JOHANNESBURG (miningweekly.com) – The 500 t world-first haulage truck powered by green hydrogen last week underwent fully loaded trialling that included tipping into the crusher at Anglo American Platinum's Mogalakwena platinum group metals (PGMs) mine in Limpopo.
“The trials all went well,” Anglo American group technical director Tony O’Neill told this week’s second 2022 sustainability performance presentation, covered by Mining Weekly.
O'Neill was responding to questions posed by Barclays Investment Bank analyst Ian Rossouw, who requested an update on the nuGen truck’s performance as well as a progress report on the ramp-up of the electrolyser to supply the hydrogen to power the zero-emission truck.
“On the hydrogen side, we’ve been to market on commercials for gas but we also need to explore commercials around going liquid, and we’re currently preparing to go that route, so at this point there’s no further expansion of the electrolyser. It’s not critical path at this point, but we need to clearly sort out the commercials for supply in the next six months,” said O’Neill.
“The liquid hydrogen investigation is more around range so we take away one of the issues that we have been wrestling with. It’s just the number of refuelling stops over a day and, if you go liquid, then clearly that solves for that. So, going well at this point,” O’Neill added.
In Southern Africa, Anglo has partnered with EDF Renewables (EDFR) to develop 3 GW to 5 GW of clean generation capacity. This is expected to meet Anglo's operational power requirements and support the resilience of local electricity supply systems.
The new jointly owned Envusa Energy is developing its first phase of more than 600 MW of wind and solar projects, a major step towards its vision of a 3 GW to 5 GW renewable energy ecosystem in the region by 2030.
The 600 MW Envusa Energy projects in Southern Africa are almost shovel-ready with construction due to begin early next year, and Credit Suisse securities research director metals and mining Danielle Chigumira asked for the projects’ financing agreements to be spelt out.
“These projects are all quite typical of infrastructure energy projects and so will be funded with that usual mix of equity and debt. Infrastructure energy projects are often around that 20% equity and 80% debt mark,” Anglo FD Stephen Pearce explained.
“We’re still just finalising the power purchase agreement system behind that, which will help determine the funding structures, so work in progress. But our equity contribution will be relatively modest as it works its way through those mathematics. For that first 600 MW, our equity contribution will be well south of $100-million over that next two-to-three year period as those projects get built out.
“The majority of them are in Envusa and one a partnership with EDFR on their renewables in Mogalakwena, so really comfortable how those projects will sit. Arrangements are being finalised and worked on as we speak. There’ll be no major surprises there and will largely be infrastructure funded with community partners and bank counterparties, with largely offtake arrangements for us as the customer,” Pearce added.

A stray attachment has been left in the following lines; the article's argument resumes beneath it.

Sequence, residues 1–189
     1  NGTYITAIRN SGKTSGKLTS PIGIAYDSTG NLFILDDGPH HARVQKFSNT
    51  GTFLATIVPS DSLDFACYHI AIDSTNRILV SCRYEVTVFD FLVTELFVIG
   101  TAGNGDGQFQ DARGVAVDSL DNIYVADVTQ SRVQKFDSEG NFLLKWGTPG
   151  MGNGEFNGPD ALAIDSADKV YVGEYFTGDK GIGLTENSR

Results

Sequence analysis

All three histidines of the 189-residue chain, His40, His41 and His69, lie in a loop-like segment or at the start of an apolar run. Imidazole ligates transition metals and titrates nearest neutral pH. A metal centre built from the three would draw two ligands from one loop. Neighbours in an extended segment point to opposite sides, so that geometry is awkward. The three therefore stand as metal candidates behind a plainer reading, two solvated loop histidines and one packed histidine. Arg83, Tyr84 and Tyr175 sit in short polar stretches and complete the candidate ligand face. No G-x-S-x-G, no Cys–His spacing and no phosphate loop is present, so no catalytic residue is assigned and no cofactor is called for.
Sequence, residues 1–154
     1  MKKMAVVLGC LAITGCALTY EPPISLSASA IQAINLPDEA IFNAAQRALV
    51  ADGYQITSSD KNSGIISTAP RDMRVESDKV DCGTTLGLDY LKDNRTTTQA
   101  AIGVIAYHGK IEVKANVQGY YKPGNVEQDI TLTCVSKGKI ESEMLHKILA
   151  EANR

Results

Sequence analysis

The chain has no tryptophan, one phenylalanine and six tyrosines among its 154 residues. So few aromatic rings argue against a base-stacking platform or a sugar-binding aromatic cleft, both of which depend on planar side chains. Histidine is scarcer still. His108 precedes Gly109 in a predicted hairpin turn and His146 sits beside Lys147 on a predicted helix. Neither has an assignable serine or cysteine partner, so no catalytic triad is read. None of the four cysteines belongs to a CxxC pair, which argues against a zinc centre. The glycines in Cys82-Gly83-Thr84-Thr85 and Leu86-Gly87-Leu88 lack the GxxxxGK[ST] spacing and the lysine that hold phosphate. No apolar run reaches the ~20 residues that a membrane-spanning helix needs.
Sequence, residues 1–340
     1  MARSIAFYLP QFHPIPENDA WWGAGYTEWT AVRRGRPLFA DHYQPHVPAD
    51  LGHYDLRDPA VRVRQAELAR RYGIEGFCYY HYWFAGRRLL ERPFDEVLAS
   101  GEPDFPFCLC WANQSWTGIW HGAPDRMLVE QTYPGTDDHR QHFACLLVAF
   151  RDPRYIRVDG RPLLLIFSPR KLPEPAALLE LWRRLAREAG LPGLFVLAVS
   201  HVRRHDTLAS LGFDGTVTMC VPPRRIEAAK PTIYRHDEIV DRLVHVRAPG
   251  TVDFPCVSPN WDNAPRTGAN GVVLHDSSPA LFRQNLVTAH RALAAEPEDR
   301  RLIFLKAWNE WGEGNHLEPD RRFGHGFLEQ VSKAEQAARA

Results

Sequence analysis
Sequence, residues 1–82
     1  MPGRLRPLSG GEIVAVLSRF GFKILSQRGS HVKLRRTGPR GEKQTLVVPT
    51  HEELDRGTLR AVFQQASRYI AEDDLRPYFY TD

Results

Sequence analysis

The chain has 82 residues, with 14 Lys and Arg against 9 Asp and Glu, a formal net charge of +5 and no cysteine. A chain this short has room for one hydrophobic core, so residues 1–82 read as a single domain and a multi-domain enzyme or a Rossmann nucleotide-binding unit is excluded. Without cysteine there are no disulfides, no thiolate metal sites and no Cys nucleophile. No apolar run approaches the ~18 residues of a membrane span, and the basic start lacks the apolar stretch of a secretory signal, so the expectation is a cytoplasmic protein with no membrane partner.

CLIMATE CHANGE THE DEFINING CHALLENGE
Anglo CE Duncan Wanblad spelt out that Anglo as an organisation views climate change as “the defining challenge of our time”.
“We are committed to playing our part in working out solutions that help manage the impacts of climate change,” said Wanblad.
The London- and Johannesburg-listed company has a target of reducing its Scope 1 and Scope 2 emissions by 30% against a 2016 baseline by 2030, on the way to achieving full carbon neutrality across the whole of the portfolio by 2040.
Wanblad described the creation of Envusa Energy as its next step towards the development of a renewable energy ecosystem in Southern Africa, with the aim of producing clean energy at a rate of 3 GW to 5 GW, enhancing the stability and sustainability of the national grid.
Anglo marketing head Hilton Ingram, who provided a customers’ perspective on responsible mining, said the company’s Future Smart programme, including the sustainable mining plan, is providing marketing with a great foundation to build value for customers through products, partnership and provenance.
“When a customer chooses to buy from Anglo American, they’re putting their reputation in our hands and we believe that the way we safeguard our customers’ reputations sets us apart from the competition,” said Ingram.
Anglo customers were increasingly being held accountable for the integrity and environmental, social and governance credentials of their supply chains and many customers were increasingly turning to sustainability certification programmes, which needed to be credible.
In this regard, the Initiative for Responsible Mining Assurance (IRMA) had published a standard for socially and environmentally responsible mining, which has multi-stakeholder support from trade unions, nongovernmental organisations and customers.
“Anglo American has long held a leadership position in IRMA, but today there are 65 mining companies engaging with it, clear evidence that there is support for a rigorous standard with high levels of stakeholder trust,” said Ingram.
Anglo is on track to meeting its goal of assuring all its operations against a recognised responsible mining standard by 2025.
The Unki PGMs site in Zimbabwe has achieved an IRMA 75 rating and the final auditing results are expected in the next few months at six other Anglo sites.
“While we don’t expect to match Unki’s very strong performance at every mine, we are hopeful of some positive outcomes,” added Ingram.
Edited by: Creamer Media Reporter
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